OBJECTIVES: To validate a scale to assess pediatric providers’ resuscitation and escalation of care self-efficacy and assess which provider characteristics and experiences may contribute to self-efficacy. METHODS: Cross-sectional cohort study performed at an academic children’s hospital. Pediatric nurses, respiratory therapists, and residents completed the Generalized Self-Efficacy Scale (GSES) and Pediatric Resuscitation Self-Efficacy Scale (PRSES) as well as a survey assessing their experiences with pediatric escalation of care. RESULTS: Four hundred participants completed the GSES and PRSES. A total of 338 completed the survey, including 262 nurses, 51 respiratory therapists, and 25 residents. Cronbach a for the PRSES was 0.905. A factor analysis revealed 2 factors within the scale, with items grouped on the basis of expertise required. Multiple logistic regression analyses controlling for GSES score, number of code blue events participated, number of code blue events activated, number of rapid response team events participated, number of rapid response team response events called, performance on a knowledge assessment of appropriate escalation of care, and years of experience demonstrated that PRSES performance was significantly associated with GSES scores and number of escalation of care events (code blue and rapid response) previously participated in (R2 5 0.29, P, .001). CONCLUSIONS: The PRSES can be used to assess pediatric providers’ pediatric resuscitation self-efficacy and could be used to evaluate pediatric escalation of care interventions. Pediatric resuscitation self-efficacy is significantly associated with number of previous escalation of care experiences. In future studies, researchers should focus on assessing the impact of increased exposures to escalation of care, potentially via mock codes, to accelerate the acquisition of resuscitation self-efficacy.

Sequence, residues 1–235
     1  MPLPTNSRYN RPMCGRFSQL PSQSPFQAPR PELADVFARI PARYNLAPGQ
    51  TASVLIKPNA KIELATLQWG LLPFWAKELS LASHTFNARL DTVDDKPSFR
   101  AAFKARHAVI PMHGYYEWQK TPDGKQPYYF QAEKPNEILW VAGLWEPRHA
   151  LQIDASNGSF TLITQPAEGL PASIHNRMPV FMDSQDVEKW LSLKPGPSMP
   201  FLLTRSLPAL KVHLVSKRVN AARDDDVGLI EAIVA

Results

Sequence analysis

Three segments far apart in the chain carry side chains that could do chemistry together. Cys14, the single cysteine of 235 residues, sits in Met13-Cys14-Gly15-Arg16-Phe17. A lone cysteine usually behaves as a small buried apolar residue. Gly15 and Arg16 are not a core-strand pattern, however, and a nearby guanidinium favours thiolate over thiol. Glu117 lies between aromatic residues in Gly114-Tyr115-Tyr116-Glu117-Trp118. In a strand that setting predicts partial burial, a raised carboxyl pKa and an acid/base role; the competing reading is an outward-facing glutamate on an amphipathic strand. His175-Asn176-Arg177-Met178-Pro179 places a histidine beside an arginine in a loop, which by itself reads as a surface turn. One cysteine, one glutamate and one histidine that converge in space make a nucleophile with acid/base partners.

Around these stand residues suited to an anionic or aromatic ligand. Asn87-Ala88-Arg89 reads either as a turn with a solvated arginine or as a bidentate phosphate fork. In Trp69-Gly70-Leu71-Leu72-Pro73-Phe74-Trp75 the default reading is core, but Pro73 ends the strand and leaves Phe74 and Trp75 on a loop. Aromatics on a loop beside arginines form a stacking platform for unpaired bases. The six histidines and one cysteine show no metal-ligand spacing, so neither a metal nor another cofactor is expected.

All Science Journal Classification (ASJC) codes
- Pediatrics, Perinatology, and Child Health